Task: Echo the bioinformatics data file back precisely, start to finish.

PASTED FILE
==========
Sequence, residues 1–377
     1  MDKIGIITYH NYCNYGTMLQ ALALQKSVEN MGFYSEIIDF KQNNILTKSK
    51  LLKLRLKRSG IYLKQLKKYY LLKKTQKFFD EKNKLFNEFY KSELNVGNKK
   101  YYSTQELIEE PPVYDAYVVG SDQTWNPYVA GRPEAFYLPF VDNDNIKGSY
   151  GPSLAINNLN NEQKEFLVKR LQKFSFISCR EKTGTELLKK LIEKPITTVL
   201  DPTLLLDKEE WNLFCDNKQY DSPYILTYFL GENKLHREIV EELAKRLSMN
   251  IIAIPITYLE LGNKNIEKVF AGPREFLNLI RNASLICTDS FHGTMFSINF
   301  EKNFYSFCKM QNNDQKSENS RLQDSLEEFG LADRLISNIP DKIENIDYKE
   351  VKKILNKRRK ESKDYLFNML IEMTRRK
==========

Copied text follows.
Sequence, residues 1–377
     1  MDKIGIITYH NYCNYGTMLQ ALALQKSVEN MGFYSEIIDF KQNNILTKSK
    51  LLKLRLKRSG IYLKQLKKYY LLKKTQKFFD EKNKLFNEFY KSELNVGNKK
   101  YYSTQELIEE PPVYDAYVVG SDQTWNPYVA GRPEAFYLPF VDNDNIKGSY
   151  GPSLAINNLN NEQKEFLVKR LQKFSFISCR EKTGTELLKK LIEKPITTVL
   201  DPTLLLDKEE WNLFCDNKQY DSPYILTYFL GENKLHREIV EELAKRLSMN
   251  IIAIPITYLE LGNKNIEKVF AGPREFLNLI RNASLICTDS FHGTMFSINF
   301  EKNFYSFCKM QNNDQKSENS RLQDSLEEFG LADRLISNIP DKIENIDYKE
   351  VKKILNKRRK ESKDYLFNML IEMTRRK